Whilst this passage is about the temple and therefore invites us to ask questions about our buildings the key point about the authority of Jesus applies to us as disciples. Who has authority in our lives, who has authority over our bodies, does Jesus have the authority in our lives that he should have? Does he have authority in all parts of our lives?
Each of us has many different aspects of life, our physical bodies, our prayer life, our working life, our family life, our sex life, our friendships, our shopping, our online life, and many others. Who has authority over them? Do we let Jesus into them all or do we choose which we give over to Jesus and which we want to control ourselves?
In this passage Jesus wanted the temple to be used as it was built for, for its clear purposes to be maintained and offered in praise to God. Jesus drove out those things which took place within it which were not of God and were not for the purpose it was created. It’s the same with our lives, God created us to live for God, that’s our purpose and God wants us to live in that way. The only way we can live in that way is to live with Jesus having authority over all aspects of our lives and to let Jesus take from us those aspects of our lives which are not of God. Jesus speaks of the temple of his body and the challenge for us is to see our bodies and lives as temples for God, which are 100% given over to God.
Last week Paul spoke about the importance of moving on in our discipleship of constantly growing and going deeper with God. It is only when we do this that we can engage with the process of our lives and bodies being more and more given over to God. It is a lifelong process but that doesn’t mean we shouldn’t engage with it and aim for it, for it is when we do that that we become more and more the people God desires us to be and more and more free of the brokenness and sin within us.
In our reading from 1 Corinthians 9 Paul speaks about his commitment to preaching which he finds by being free in Jesus. For Paul this freedom is freedom from the law that he knew as a Jew, freedom from the way that bound him and stopped him from being who he was called to be. For us if we don’t offer our whole lives to God then we will find we are not free, that there are things within us that stop us being the people we are called to be, that prevent us from being free to share the Gospel.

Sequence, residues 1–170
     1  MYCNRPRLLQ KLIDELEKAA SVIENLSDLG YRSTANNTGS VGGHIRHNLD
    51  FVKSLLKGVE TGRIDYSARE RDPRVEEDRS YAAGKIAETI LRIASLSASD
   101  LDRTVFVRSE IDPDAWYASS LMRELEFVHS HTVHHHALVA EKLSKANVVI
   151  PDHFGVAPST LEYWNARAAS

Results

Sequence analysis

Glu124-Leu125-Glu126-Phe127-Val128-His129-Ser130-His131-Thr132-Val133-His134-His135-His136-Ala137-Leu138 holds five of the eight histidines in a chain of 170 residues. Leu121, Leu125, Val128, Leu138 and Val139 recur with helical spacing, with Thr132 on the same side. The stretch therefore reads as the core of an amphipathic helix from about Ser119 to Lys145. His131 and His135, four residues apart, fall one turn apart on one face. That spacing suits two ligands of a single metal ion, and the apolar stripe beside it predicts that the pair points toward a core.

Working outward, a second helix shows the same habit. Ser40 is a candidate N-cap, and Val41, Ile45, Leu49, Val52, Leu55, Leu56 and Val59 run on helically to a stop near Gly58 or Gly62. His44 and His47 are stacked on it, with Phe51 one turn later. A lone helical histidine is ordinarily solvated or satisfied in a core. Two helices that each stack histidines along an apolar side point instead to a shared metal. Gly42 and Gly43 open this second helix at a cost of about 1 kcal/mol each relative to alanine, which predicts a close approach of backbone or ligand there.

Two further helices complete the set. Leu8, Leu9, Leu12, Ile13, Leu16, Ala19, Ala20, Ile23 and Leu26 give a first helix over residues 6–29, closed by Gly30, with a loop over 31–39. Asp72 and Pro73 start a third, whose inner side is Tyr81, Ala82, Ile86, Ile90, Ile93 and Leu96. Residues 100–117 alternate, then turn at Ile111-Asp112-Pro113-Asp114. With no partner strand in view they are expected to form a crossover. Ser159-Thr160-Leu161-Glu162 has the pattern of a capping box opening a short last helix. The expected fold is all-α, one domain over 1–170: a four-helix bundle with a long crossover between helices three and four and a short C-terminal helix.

In 1 Corinthians Paul’s freedom allows him to have a solidarity with different people and through that to share the gospel with them. Paul’s freedom allowed him to be in solidarity with the Jews, with the those under the law, with the weak, with the strong. When we give the authority in all aspects of our lives over the God we too are enabled to be in solidarity with those who are oppressed, with those who are subject to prejudice, abuse, poverty. If we are not in solidarity with this people then we do not have the opportunity to show them and tell them of God’s love or more importantly to receive God’s love from them.
In this season of lent we are called to reflect on our lives, to enter into times of self examination and repentance where we consider whether we are living as the people God has called us to be. In this coming week, as we continue to journey through to lent to Easter I invite you to reflect on your life with God, to reflect on which parts of your life Jesus has authority over and which bits he doesn’t. I invite you to offer those parts he doesn’t to God and to invite Jesus to have authority over them in the power of the Holy Spirit.
When Jesus is invited he will take that authority, he will transform those parts of your life, he will make them beautiful. I can’t promise that will always be an easy process but I can promise the outcome will be good, that it will be more beautiful just like the temple courts were without the market. The more we look to Jesus, the more authority we give Jesus in our lives, the more strength we will discover to live as the people of God.
The more authority we give to Jesus, the more we live in line with his will, the more of the kingdom we will see amongst us. To do this we certainly don’t need to be in our Church buildings, to do this all we need is sacred space where God is dwelling and that we can find anywhere in the power of the Holy Spirit and with others who seek it alongside us, even on zoom or the telephone.
What I am sure of though, is that as more and more of each of us is refined by God, the more and more strength we find from allowing Jesus to have complete authority in our lives, the more God can do through us as the people of God.
Therefore, if we accept the invitation to consider where we need to give Jesus more authority it means that when we are able to gather together again in person we will be even more like the body of Christ God desires us to be and that in turn means we will be more ready to serve God together through which God will be able to do even more and greater things. Amen.